The proper temperature to serve and consume each individual style;
How each beer type should be packaged and stored; and much more.
The Truth about Beer and Health

Does beer have any nutritional value, or is it just empty calories? Dr. Bamforth addresses the health benefits and risks of beer (and alcohol, in general)-a debate that has raged on since the earliest days of its popularity. You'll learn about the historical argument for moderation, which can be traced all the way back to places like ancient Rome and 13th-century Icelandic literature. You'll gain a unique perspective on the origins and effects of prohibition in the United States, and the subsequent repeal of the 18th Amendment to the U.S. Constitution in 1933. Dr. Bamforth also discusses recommended consumption limits for both men and women, as well as where the calories in beer actually come from. And you'll hear some surprising scientific facts regarding beer's health benefits, such as:

Beer contains a sizable and varied group of vitamins, including niacin, riboflavin, and folate;
Beer has more antioxidants per serving than apples, tomatoes, white wine, and many fruit juices;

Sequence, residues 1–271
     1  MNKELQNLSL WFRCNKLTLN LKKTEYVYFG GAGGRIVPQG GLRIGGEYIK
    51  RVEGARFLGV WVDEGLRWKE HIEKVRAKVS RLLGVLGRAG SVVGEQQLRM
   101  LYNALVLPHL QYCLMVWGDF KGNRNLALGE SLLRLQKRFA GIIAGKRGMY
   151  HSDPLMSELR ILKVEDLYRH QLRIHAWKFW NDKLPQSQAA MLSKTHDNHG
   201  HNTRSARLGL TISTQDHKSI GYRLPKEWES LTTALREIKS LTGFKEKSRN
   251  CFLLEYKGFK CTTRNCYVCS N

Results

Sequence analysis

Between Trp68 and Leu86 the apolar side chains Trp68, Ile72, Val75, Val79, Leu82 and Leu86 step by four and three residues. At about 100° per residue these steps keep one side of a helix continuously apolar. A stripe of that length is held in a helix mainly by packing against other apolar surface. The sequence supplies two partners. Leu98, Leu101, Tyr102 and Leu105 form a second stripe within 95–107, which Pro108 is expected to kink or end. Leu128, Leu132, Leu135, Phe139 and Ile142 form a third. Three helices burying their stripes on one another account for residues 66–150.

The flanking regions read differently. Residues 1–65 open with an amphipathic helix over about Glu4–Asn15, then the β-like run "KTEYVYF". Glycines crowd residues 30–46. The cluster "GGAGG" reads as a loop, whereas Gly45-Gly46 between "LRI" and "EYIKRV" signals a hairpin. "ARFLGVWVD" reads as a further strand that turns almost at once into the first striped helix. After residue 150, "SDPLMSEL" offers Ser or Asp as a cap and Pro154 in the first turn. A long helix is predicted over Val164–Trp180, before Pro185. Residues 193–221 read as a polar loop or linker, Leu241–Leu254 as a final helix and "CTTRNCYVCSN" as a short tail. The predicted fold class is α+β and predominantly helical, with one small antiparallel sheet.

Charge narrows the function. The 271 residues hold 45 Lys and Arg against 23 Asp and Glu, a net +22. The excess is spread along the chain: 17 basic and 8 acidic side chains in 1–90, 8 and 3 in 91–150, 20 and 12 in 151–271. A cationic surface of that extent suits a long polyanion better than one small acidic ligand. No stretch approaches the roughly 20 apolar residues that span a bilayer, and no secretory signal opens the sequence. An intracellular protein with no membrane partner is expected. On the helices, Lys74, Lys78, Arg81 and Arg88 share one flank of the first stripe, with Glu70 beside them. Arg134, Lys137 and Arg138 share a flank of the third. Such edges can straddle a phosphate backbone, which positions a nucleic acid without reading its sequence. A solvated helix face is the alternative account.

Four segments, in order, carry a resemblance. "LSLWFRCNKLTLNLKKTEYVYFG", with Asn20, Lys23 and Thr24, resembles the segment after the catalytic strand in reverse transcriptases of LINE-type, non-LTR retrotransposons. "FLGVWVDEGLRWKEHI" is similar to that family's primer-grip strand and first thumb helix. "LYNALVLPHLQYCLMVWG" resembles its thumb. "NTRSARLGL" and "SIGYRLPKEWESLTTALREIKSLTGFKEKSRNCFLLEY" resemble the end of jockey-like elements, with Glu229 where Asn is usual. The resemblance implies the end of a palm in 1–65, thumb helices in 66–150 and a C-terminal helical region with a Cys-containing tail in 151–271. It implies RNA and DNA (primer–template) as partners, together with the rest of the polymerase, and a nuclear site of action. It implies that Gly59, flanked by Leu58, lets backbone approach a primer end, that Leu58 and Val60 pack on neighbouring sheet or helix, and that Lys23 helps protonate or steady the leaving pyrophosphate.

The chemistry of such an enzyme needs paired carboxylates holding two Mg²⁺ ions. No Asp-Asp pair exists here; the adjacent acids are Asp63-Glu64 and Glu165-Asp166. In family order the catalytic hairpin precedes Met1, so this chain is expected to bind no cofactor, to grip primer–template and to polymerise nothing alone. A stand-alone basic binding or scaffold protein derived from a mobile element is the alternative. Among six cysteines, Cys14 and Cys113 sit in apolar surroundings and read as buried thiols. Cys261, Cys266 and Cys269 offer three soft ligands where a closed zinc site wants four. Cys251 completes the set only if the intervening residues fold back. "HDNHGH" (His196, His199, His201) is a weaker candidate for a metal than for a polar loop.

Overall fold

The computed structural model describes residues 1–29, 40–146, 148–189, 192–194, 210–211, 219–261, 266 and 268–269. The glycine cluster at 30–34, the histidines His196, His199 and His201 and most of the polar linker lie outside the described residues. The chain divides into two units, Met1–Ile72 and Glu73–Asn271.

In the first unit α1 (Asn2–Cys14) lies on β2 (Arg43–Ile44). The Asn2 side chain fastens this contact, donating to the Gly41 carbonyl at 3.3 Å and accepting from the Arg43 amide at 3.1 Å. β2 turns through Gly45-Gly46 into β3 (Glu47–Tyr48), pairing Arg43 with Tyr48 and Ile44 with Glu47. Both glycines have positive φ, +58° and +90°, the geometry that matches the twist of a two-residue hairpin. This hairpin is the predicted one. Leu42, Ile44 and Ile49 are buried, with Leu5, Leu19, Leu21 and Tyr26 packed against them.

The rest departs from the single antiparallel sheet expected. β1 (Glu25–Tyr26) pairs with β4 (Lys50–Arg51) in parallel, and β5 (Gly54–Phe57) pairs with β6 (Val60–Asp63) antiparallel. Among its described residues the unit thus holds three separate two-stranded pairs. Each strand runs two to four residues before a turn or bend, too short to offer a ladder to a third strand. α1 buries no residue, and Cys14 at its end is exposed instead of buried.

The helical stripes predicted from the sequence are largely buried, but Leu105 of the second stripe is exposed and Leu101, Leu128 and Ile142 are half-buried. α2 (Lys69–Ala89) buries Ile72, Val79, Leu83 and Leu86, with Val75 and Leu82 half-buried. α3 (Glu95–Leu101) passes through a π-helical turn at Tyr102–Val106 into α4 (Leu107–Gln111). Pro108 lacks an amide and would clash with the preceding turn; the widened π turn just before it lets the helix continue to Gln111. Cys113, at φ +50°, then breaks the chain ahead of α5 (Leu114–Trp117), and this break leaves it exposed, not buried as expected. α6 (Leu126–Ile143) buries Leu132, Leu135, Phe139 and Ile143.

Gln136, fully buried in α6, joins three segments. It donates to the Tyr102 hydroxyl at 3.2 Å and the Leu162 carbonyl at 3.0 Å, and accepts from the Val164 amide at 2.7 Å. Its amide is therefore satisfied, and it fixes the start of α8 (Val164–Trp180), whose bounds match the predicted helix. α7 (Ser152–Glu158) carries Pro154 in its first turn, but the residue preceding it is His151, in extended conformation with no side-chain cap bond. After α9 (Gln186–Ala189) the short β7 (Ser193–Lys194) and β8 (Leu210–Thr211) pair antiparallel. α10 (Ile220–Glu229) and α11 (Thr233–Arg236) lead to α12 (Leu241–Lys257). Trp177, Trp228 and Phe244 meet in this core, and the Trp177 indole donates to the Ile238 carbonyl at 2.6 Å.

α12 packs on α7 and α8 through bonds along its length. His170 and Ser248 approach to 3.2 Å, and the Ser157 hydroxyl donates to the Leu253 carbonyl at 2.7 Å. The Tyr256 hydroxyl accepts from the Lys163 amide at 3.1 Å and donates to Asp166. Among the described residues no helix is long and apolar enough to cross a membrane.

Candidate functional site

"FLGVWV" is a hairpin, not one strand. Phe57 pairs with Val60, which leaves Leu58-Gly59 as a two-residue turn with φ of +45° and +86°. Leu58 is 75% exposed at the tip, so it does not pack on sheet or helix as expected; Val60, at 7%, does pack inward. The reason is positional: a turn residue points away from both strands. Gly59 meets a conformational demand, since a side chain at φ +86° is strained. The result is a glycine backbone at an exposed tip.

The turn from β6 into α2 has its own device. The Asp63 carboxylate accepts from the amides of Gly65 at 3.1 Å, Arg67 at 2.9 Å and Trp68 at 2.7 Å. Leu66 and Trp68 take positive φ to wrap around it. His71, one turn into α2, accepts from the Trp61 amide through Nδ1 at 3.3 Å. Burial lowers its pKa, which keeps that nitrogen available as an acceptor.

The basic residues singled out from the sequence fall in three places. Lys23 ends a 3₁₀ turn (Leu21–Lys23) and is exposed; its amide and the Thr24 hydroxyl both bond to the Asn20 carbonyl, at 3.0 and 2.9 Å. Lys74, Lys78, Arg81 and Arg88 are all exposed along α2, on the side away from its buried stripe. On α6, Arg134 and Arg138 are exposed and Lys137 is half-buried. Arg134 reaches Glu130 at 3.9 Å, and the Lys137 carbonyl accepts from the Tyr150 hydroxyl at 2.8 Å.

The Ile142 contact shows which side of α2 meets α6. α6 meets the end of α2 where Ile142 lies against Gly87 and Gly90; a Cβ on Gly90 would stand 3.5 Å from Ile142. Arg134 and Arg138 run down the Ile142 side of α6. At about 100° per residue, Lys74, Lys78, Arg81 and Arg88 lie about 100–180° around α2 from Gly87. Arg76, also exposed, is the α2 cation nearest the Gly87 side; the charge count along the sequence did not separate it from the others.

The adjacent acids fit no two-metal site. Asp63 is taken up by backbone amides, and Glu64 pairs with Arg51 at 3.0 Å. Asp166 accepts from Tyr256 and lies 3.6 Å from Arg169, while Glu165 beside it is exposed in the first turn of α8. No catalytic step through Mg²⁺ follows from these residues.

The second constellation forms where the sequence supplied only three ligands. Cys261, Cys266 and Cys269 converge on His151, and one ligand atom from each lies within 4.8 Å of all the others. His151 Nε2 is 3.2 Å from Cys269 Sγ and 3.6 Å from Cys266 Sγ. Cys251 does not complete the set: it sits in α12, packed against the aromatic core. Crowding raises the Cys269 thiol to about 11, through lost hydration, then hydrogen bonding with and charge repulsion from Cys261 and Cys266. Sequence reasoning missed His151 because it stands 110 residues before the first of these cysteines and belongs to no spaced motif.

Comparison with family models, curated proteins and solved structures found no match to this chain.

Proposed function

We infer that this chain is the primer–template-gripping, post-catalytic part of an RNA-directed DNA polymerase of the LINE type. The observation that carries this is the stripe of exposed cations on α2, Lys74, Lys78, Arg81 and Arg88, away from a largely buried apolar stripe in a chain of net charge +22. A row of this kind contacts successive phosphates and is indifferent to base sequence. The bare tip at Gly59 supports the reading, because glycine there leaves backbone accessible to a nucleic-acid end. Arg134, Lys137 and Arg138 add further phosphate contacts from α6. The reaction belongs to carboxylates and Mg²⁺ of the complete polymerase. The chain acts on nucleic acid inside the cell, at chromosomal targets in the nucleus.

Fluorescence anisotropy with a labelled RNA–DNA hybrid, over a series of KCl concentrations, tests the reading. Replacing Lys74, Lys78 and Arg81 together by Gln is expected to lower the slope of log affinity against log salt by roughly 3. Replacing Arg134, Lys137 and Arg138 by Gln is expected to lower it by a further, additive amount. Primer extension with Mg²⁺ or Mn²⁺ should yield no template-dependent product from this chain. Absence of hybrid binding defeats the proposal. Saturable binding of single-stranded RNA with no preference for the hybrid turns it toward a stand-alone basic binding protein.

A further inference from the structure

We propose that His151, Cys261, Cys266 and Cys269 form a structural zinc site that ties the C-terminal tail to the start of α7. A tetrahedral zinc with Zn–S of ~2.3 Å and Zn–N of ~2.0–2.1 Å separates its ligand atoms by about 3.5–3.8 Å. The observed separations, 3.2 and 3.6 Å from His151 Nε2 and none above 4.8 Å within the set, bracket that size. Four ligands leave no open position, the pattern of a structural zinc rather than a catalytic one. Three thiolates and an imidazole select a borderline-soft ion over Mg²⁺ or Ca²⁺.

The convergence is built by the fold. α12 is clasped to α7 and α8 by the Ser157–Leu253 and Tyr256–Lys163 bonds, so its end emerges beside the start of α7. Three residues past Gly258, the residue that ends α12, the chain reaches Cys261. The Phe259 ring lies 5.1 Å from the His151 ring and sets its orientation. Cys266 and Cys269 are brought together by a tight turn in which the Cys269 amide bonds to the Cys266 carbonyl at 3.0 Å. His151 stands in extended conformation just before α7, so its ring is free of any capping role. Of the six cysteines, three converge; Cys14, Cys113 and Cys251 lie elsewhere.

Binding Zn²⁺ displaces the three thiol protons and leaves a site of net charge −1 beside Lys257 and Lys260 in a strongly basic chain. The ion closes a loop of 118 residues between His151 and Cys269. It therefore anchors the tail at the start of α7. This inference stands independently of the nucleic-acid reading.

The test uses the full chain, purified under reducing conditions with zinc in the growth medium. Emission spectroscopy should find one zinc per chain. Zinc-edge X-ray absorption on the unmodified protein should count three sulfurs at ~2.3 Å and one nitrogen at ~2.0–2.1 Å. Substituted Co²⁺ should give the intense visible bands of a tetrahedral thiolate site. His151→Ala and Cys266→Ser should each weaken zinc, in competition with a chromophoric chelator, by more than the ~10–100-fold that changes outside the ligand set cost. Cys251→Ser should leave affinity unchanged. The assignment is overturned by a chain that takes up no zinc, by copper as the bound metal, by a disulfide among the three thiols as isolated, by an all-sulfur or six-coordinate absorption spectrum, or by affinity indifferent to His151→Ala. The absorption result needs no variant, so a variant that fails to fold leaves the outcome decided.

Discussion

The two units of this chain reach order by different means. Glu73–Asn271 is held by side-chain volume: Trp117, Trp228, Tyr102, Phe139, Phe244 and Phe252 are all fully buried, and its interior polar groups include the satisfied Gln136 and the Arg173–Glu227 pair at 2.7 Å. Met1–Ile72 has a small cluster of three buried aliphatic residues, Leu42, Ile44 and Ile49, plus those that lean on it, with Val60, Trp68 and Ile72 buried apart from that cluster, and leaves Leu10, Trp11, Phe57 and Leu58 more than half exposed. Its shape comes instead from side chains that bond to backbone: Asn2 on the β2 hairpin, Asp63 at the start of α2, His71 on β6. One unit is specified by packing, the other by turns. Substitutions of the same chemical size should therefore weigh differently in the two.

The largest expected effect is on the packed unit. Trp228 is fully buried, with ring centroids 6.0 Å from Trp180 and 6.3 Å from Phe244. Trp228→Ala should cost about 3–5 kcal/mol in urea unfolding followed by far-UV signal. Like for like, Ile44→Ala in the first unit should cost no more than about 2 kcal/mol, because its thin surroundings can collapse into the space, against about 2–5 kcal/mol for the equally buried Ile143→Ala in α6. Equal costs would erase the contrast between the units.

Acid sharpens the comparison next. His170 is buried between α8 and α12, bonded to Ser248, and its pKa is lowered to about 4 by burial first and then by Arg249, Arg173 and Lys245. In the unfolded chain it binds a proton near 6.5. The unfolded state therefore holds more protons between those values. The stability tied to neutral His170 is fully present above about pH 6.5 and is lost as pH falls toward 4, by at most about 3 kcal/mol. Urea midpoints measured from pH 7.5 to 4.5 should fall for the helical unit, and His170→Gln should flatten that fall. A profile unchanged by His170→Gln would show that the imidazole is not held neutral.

The hops in beer are thought to contain natural chemicals that aid in digestion and the maintenance of a healthy bladder; and
A recent study showed that a decrease in moderate beer consumption also corresponded to a reduction in an antigen that can be helpful in diagnosing prostate problems.
If you're a homebrewer, this course will help you improve your skills and broaden your horizons. If you're someone experiencing craft beer for the first time, you'll gain knowledge that will be useful on your next trip to your neighborhood watering hole for a pint. And if you're simply a beer lover with a thirst for the story behind your favorite beverage, this course will give you the insight into the history and science of beer-and help you to understand and refine your own tastes. So, raise your glass and join Dr. Bamforth on this comprehensive, approachable beer tour that is unlike any other and discover what's in your glass and the fascinating journey it took to get there.